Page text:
The British like to pretend that class doesn't exist. But in Class Act: How to Beat the British Class System (Metro Books, 250 pages), Lynda Lee-Potter provides plenty of evidence that the system is flourishing. When titled people run over tramps they shout, "Look what you've done to my bloody bumper!" and when their maids fall ill they complain it is "so boring." Though more than one Prime Minister has claimed British society is now classless, these aristocratic foibles live on. On millennium eve the vips, writes Lee-Potter, "were horrified at being forced to queue at the Dome along with the ďordinary people' as Lord Falconer calls us."
As well as dishing the dirt on "tacky toffs," Lee-Potter also dissects the taste and habits of Cliff Richard fans, career seducers, the "popocracy," footballers' wives and social climbers like herself. She is a self-confessed upstart: "A true snob never rests because there is always a higher goal to attain, a posher friend to emulate and more and more people to look down upon. I'm quite prepared to be scathing about three-piece suites, antiqued leather, chiming doorbells, patios, rubber plants and French marigolds with the passionate contempt of a nouveau."
Perhaps the British unwillingness to admit that class continues to divide them reveals a pervasive insecurity about one's own position. According to the quizzes included in the book, one of the surest signs of being a social climber is if you are guilty of adopting the "views of those who you believe are socially superior" and thinking "the way posh people behave socially must always be correct."
Lee-Potter has had many opportunities to learn the way food, fads and furnishings give away a Briton's place in the hierarchy. She grew up in a small mining town in Lancashire and is now a highly paid columnist and celebrity interviewer for the Daily Mail. She started her climb up the social ladder by going south to drama school: "I got on the train at Warrington Bank Quay Station with a Lancashire accent and got off at Euston without it, which meant I had to speak very slowly for a very long time." She began going out with a medical student whose father was an Air Marshal and a Sir. Unlike her own family, who brewed tea whenever a visitor turned up, at his home, "If you arrived between meal times no refreshment of any kind would ever be offered."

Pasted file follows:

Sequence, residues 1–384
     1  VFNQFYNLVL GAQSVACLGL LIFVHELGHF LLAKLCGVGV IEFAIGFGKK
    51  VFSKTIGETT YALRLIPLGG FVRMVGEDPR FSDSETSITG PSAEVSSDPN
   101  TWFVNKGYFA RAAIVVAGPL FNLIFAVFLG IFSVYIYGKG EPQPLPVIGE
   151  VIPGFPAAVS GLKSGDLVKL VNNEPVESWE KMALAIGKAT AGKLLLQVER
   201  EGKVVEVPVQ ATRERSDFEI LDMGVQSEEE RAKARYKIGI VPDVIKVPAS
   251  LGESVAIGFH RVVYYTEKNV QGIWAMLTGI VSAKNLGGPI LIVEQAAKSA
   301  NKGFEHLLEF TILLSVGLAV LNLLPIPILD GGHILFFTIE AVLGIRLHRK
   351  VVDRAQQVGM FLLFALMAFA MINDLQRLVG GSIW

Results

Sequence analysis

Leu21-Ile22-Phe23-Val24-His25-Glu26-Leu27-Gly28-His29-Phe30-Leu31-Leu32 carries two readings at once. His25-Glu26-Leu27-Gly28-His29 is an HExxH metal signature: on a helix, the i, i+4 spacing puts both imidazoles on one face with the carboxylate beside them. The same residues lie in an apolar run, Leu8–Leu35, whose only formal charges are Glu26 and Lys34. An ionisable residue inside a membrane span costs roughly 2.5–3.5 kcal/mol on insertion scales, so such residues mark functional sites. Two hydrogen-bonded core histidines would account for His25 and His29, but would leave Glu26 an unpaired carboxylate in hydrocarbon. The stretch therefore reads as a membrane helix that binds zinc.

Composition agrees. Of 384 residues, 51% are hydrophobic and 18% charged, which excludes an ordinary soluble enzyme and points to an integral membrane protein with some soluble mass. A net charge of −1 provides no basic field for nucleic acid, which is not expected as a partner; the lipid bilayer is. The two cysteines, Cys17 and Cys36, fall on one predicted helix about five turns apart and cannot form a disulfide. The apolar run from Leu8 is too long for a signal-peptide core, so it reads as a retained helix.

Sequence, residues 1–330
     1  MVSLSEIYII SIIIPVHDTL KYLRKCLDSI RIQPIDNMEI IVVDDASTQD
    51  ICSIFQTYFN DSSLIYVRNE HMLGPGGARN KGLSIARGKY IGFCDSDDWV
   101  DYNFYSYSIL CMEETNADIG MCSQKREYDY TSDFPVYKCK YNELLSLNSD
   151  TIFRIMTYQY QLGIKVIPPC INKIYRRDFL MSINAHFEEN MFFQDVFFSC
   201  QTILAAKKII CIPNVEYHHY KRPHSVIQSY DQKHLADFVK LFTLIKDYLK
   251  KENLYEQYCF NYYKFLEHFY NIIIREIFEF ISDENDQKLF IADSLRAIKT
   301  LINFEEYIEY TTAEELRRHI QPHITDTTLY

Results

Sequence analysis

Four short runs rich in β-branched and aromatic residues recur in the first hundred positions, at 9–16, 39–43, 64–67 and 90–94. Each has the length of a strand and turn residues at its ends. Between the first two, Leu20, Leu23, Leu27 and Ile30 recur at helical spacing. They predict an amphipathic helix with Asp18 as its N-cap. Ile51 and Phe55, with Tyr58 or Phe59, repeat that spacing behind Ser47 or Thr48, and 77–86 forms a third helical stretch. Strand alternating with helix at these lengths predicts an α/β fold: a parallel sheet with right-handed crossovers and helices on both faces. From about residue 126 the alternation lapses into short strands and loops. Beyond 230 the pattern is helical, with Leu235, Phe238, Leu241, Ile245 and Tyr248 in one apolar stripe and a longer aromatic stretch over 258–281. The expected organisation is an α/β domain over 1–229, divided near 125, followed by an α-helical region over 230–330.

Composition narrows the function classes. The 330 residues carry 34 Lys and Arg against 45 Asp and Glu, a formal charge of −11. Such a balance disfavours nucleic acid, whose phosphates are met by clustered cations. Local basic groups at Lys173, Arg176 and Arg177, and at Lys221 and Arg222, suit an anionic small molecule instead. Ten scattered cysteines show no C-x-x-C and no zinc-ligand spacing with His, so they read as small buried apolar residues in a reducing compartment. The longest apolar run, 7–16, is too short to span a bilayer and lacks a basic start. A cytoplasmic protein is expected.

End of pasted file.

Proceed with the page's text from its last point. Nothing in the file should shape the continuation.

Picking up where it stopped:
The book deals mainly with the working class she came from, the upper crust she married into and the new millionaires whose fame makes them good interview subjects. It is inconsistent Ś she is never quite sure whose side she is on. She derides "over-the-top ornateness" but affectionately describes the house of comedian Les Dawson with its candelabra, statues everywhere and dinner table permanently laid for a party. She condemns late novelist Barbara Cartland for being "a snob who despised the nouveaux riches," and then lays into the newly monied with their heavy gold jewelry and permanent tans.
Though it is too short and patchy to be a genuine guide to the horrors and intricacies of British society, it provides a few pointers to follow and pitfalls to avoid if you don't want to be branded common or vulgar. Lee-Potter says she owes a lot to an early flatmate who taught her not to cut tomatoes in the shape of waterlilies. "She was so contemptuous about ... prawn cocktails, tinned fruit, bacon sandwiches, trifle and custard that I have never eaten them since." She now gets invited to country house weekends, though she prefers hotels Ś which the posh avoid as too democratic. Her instructions on tipping servants and singing for your supper (if you don't know any gossip just invent some) will come in useful if you ever get asked. If you'd really like an invite, watch your step. Avoid middle class giveaways like bragging about your children's exam results, or talking in whispers in restaurants and trying to eat crisps quietly Ś unless you are Lady Thatcher, who can get away with serving cr?me de menthe frappÄ at 10 Downing Street, or Princess Anne, who as a royal can do up her house as she likes and even display "every memento she has ever been given."
One of the upper set recently asked Lee-Potter: "You come from nothing, Lynda, don't you?" meaning that her family "had no titles, no land and no social position." But though she shed the accent and recipes that might give away her background, she has come to appreciate its fighting spirit. And her Lancashire frankness saves her from the very British habit of ignoring the obvious as she unveils some of the many ways Britons love to despise each other.